Oklahoma baseball set to defend Phillips 66 Big 12 Championship

Eddie Radosevich05/24/23
Article written by:On3 imageEddie Radosevich
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When you’re living life on the NCAA Tournament bubble there’s only one sure fire way to punch your ticket into next week’s Big Dance. Win the whole stinkin’ thing. Amirite, Jake Taylor?

Oklahoma baseball returns to the Phillips 66 Big 12 Championship this week in a bit of a precarious position. There’s a belief the body of work should be good enough to earn an at-large bid. The metrics would tell you they’re safe. Its strength of schedule is ranked 13th in the country. That’s first among Big 12 schools. Its non-conference strength of schedule is ranked 13th nationally and hovering around 36th in RPI going into the weekend.

However, Oklahoma heads into the Bedlam opener Wednesday against Oklahoma State not entirely sure if hotel rooms will be needed next week. There’s some work to do before making those travel arrangements. Thanks in part to what the Sooners were unable to do during conference play finishing seventh in the league.

“There’s a reason why we have a meeting that tells us to schedule RPI. That’s why some of them (projections) have it in there because because our RPI is good,” said Skip Johnson ahead of his Sooners traveling to Arlington. “Let’s just go schedule someone and get to 40 wins. That’s not what it is supposed to be.

“There’s a reason why we have RPI. We’re the fourth-leading RPI in our conference. Our conference is just a small sample of our season. It’s only a third of our season, really. Twenty-four games. You look at it maybe a little over a third.

“The body of work that we’ve done. Take away some of the things not having Easton (Carmichael) and not having Dakota (Harris) it plays a big difference. Are we a seasoned team right now? Absolutely not. Could we get better? Absolutely. I mean that’s college baseball in and of itself. It’s amateur baseball in itself. You never know really who is going to show up, so to speak.”

For Johnson and the Sooners sake, they hope it’s not what they’ve shown in three of the first four installments of Bedlam this season. Finding the strike zone has been an issue. Defense has been inconsistent leading to the wrong end of the big inning.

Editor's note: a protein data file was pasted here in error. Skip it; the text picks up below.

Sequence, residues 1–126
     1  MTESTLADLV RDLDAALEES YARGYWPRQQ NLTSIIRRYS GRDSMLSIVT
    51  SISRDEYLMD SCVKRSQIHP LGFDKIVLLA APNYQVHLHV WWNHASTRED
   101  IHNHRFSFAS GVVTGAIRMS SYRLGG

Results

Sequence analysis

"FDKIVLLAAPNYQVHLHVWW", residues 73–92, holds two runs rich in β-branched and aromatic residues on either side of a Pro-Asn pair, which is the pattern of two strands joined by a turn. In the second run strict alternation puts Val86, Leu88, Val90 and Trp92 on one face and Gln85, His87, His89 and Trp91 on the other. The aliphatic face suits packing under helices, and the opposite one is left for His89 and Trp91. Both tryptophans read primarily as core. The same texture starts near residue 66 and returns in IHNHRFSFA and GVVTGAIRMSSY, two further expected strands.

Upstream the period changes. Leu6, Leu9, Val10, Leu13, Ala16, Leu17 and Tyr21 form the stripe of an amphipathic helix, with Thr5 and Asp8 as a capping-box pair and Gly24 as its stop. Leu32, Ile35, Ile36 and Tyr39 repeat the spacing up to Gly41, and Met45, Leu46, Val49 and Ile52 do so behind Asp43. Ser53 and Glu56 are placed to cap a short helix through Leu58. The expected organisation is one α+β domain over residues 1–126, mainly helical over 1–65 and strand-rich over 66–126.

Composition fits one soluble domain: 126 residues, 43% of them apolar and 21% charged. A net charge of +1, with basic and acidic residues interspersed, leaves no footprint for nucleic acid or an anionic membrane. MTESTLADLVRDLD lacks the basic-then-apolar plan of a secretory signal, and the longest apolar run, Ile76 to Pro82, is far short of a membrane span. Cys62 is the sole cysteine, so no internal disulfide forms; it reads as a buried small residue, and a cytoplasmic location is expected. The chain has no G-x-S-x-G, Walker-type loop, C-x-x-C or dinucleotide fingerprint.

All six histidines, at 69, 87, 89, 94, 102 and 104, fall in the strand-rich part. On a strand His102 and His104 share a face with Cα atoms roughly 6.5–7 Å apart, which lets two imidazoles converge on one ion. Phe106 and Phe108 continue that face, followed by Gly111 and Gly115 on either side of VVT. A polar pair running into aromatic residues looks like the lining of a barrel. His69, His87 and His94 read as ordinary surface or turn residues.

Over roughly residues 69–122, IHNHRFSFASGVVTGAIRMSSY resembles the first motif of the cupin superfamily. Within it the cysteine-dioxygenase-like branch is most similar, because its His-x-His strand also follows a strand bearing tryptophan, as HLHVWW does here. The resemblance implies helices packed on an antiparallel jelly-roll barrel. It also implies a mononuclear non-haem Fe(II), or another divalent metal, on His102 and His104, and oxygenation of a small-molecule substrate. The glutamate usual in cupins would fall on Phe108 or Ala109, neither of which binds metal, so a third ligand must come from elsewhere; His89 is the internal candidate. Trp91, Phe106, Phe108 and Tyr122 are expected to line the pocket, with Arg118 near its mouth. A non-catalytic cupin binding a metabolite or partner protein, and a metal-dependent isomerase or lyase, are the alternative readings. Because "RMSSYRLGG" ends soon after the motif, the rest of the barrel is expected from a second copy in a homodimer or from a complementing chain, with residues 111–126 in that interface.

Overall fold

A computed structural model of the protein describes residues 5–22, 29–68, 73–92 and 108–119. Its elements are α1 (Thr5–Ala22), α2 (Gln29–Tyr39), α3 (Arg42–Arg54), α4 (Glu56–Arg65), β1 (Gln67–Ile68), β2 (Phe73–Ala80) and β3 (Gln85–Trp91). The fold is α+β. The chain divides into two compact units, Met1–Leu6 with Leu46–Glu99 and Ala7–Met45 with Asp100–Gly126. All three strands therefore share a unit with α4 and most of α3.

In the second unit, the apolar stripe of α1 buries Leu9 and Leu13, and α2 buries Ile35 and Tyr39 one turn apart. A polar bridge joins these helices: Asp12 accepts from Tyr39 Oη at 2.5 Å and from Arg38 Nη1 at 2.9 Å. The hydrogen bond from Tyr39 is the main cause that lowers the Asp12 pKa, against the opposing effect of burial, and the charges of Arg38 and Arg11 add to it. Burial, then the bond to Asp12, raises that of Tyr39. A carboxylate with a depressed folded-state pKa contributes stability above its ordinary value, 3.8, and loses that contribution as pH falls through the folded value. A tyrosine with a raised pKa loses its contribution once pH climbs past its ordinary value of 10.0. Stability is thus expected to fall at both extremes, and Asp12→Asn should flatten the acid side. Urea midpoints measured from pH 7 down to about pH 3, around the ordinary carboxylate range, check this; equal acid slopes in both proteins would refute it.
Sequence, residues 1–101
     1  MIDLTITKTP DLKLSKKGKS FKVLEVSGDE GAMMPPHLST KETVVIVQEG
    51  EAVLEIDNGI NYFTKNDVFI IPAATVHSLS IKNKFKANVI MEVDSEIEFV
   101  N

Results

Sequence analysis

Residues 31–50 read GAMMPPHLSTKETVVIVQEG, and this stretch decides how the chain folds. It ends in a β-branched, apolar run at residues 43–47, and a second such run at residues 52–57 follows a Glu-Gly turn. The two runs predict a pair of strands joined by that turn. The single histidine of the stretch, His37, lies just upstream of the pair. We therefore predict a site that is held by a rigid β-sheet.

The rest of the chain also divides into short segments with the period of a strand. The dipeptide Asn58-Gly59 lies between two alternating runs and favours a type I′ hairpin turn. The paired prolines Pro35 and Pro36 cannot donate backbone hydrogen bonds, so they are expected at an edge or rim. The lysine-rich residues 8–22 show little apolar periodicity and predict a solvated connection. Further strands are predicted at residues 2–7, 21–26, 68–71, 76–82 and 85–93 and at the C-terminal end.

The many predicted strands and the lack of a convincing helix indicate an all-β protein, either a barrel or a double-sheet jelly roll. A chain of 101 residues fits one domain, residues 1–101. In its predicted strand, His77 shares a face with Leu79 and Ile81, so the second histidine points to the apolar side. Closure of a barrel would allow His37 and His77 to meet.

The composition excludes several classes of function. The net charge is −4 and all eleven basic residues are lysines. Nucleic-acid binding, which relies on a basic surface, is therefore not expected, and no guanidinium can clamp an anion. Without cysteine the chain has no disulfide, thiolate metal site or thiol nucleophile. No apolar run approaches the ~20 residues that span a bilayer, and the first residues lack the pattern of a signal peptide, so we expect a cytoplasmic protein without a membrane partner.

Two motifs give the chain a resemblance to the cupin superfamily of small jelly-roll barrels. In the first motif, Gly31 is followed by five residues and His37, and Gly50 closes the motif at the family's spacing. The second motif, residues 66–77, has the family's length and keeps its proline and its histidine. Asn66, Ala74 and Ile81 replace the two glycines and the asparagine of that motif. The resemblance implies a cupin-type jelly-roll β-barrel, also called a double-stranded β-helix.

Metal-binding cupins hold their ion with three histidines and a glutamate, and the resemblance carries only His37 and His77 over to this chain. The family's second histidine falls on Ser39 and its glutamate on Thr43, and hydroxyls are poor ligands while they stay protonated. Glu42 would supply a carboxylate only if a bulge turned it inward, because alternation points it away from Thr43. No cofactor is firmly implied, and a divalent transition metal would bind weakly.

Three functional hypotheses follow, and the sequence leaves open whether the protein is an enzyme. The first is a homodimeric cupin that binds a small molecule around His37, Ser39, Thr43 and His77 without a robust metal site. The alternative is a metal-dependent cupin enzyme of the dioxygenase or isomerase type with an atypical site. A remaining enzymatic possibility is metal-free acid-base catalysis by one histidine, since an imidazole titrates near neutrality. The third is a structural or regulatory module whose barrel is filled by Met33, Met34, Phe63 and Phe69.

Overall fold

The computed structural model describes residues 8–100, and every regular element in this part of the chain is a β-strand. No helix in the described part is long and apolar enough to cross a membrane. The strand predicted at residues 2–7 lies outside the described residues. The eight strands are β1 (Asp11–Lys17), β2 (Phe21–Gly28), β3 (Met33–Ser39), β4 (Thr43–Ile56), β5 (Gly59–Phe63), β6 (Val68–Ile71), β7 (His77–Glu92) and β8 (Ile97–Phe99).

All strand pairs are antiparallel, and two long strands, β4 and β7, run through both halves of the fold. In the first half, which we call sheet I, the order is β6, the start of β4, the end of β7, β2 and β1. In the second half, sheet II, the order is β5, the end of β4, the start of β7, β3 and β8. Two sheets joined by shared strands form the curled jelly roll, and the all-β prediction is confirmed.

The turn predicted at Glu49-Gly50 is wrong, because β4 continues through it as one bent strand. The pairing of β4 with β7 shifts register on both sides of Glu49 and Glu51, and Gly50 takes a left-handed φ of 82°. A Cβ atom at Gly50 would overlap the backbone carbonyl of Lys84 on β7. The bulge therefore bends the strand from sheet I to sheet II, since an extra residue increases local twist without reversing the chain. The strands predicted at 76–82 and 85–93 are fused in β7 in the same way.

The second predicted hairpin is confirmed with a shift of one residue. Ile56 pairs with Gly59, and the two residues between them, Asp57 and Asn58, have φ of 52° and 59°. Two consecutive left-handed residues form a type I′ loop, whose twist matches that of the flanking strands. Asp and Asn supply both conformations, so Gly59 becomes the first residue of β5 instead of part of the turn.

The Oklahoma pitching staff walked 27 batters and hit six over the course of the four games (1-3) already played against the Cowboys. Free bases given to a high-powered offense? Not a recipe for success. OSU has outscored OU 48-11.

“I think it’s starting off on a good foot from the very get go. I think that’s the biggest thing you have to do. You just got to go in there and play defense, throw strikes and try to score early and try to win innings,” said Johnson. “I think that’s the separator when you go into tournament type games. We’ve had some success in that deal so I think that’s the biggest deal.”

The winner of the Bedlam opener will advance to winner’s bracket action at 7:30 p.m. Thursday, with a short turnaround for the loser in an elimination game 12:30 p.m. Thursday afternoon.


Carson Atwood (1-2, 25.1 ip, 10 BB, 18 SO) vs. Carson Benge (2-1, 32.2 ip, 21 BB, 34 SO)

Because of the quick turnaround for teams on a short week, Oklahoma will be piecing things together in the opener. It’s a comfortable position for Atwood who took the ball in the Sooners opener in Arlington last season and threw three innings of scoreless baseball vs. West Virginia.

“Short short rest. It’s going to be a lot different for those guys,” said Johnson. “So you have to piece it together. You have to figure, ‘hey this guy for three or four (innings)’ … this other guy for five or six … And try to get some of these other guys back on track to one or two day short rest. That’s how you have to do it. It’s not conducive to amateur baseball. These kids are used to seven days in between or six days in between not four or five.”

It worked out for Oklahoma a season ago but losing the opener makes for a long road back through the loser’s bracket.